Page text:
Lights. Sirens. Action.
As quick as a heartbeat, we race to the van, hearts rushing, always not knowing what to expect, never fully prepared for death. Speeding through traffic, seeing familiar streets where we have saved lives before. My heart is pumping hot blood through my veins. I can feel it pulsing in my neck and in my ears. I?m sweating as my mind tries to prepare for the possible death creeping closer and closer by the second. We turn corners at break neck speed our sirens screaming out to the world.I look out of the windscreen and see children strewn on steps and playing on the roads. Mothers coming out of shops. I smell fish and chips and roasting meats as we rush past the market.



Death is just around the corner. We come screeching to a halt. Before the vehicle stops my door is open and I am running towards the back doors. A woman sobs hysterically and comes rushing over. Panic. Panic. ?Help him? she screams. We ignore her as my partner and I grab our medical kits, a defribulator and the stretcher. The woman still sobbing ushers us inside. I can feel death its cold hands reaching out to me. Screaming in my head. Laughing at me. I shiver.

We race into the living room. A man lies half dead on the floor, his body in meltdown. His fingers and toes curled, his eyes loll back in his head. Quick shivers run over his body. ?Help him? the woman cries again.
?How long has he been having this seizure?? my partner asks the woman. I notice a mug shattered on the floor. Death is close. ?I don?t know, I was cooking in the kitchen and I heard the mug smash so I came in?and?and?he was like this, Please help him!? She wails on and on, we ignore her and roll the man onto the stretcher.

Death is coming. I can almost see him now. Standing by the mug, a cruel smile plays on his lips and a soft chuckle escapes. I want to scream.
?LET?S GO? my partner screams. We run. The stretcher bouncing up and down with our movement. Death pounces after us. We bolt out through the corridor, through the wide open door. Death breathes down my neck, I shudder.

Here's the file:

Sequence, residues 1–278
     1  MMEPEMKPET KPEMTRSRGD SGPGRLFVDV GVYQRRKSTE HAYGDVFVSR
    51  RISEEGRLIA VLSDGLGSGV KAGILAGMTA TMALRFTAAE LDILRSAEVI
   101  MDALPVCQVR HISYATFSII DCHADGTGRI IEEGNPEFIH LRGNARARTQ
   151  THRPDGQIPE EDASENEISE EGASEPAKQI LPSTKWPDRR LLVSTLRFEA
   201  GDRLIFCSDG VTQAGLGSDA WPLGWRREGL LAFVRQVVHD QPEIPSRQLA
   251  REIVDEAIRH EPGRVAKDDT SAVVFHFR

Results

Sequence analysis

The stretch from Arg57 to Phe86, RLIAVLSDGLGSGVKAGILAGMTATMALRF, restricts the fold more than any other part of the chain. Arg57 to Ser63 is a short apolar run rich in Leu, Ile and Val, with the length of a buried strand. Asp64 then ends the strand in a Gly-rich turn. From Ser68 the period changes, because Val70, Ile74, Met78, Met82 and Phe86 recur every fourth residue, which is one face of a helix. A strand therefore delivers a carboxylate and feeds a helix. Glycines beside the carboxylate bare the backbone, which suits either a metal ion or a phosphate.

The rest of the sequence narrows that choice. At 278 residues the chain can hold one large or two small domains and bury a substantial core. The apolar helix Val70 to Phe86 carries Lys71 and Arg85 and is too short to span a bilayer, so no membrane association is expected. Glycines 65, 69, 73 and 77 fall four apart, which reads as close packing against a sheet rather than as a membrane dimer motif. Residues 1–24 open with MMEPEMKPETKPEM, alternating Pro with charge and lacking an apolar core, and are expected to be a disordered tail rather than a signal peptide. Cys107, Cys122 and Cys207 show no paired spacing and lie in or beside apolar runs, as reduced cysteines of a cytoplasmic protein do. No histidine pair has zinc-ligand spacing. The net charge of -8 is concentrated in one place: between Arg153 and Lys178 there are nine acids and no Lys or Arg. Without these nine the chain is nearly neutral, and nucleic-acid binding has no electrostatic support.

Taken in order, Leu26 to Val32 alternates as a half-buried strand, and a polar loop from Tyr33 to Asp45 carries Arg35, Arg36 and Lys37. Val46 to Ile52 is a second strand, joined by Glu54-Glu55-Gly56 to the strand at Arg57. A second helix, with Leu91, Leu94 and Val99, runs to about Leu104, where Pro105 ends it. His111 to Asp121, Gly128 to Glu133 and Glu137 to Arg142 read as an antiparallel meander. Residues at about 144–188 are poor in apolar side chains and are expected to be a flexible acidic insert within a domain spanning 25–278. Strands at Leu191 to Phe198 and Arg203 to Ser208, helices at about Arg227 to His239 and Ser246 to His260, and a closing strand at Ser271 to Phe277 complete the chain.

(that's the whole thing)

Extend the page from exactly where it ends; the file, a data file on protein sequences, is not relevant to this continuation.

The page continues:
We approach the van. I hear a woman mutter ?Poor soul.? I see a woman shielding her child from this nightmare. Death chasing us. We are all scared. Into the ambulance we place the man. My partner and the woman climb in the back. I shut the doors and run to the front. I floor it. I can see death in my mirror, running, smiling. I keep my eyes on the road. I?m sweating. I?m driving like a mad man, running red lights, weaving through traffic. I can feel death. Its like a chill down to the marrow in my bones. I hear him cackle a crisp, joyous sound. It scares me. In my head I can see his long fingers grip the throat of the man in the back. I yell out ?What?s Happening?!?
?Its not good, Hurry? she replies. I can hear her doing cpr. The soft banging of her hands on his chest. The whir of the oxygen machine. Death is smirking at me.

He is coming and he isn?t going to stop this time.

It must be said that ?Ambulances? is one of Philip Larkin?s successes. He has described our own venerability and lack of knowledge. He rightly demonstrates our fear of the unknown, fear of death and highlights further the loneliness suffered when it does occur ?unreachable inside a room? It takes an everyday occurrence and explores what it really means on a subconscious level. It is almost completely to do with our lack of comprehension about our own mortality, a truth only brought to our attention by a life or death event such as watching an ambulance.

Ambulances is about how we are all bound by one eventuality: Death. I particularly like his description of death in an ambulance, shut off from the real world. As in many of his poems, Larkin explores the real meaning behind everyday occurrences.
The ambulance may represent death. The line ?all streets in time are visited" represents this. As if to say, one day an ambulance will come to take you away, dead or dying.
The poem itself is a reflection about death its inevitability, its loneliness, themes which occur regularly in Larkin?s work You could argue about ?Ambulances? for forever and never come up with one single meaning that everyone thinks is right. There is no right or wrong answer, it?s all about perspective. That is what makes Larkin?s poetry so interesting.

Larkin uses a lot of imagery to convey his ideas. For example; the imagery of colour. The red/white of the blankets shows stark contrast. These colours may represent blood and the sterility of the ambulance. The imagery of children ?strewn? may indicate the randomness of death .

In my story I was trying to show a fear of death. A man has a seizure and the paramedics go to save him. They are scared of death. Perhaps this is why they are paramedics? To cheat death? Save lives? I always imagine death as a black figure, male and always cool, calm and collected. This instils even more fear into the paramedics.
Death can be anywhere. We can be expecting it or it can catch us unawares but we all share one thing in common. Death.
?Ambulances? is simply another means through which Larkin can muse on one of his favourite subjects ? death; and as usual, he does so with stunning brilliance and mystery.

Ambulances 7.6 of 10 on the basis of 2650 Review.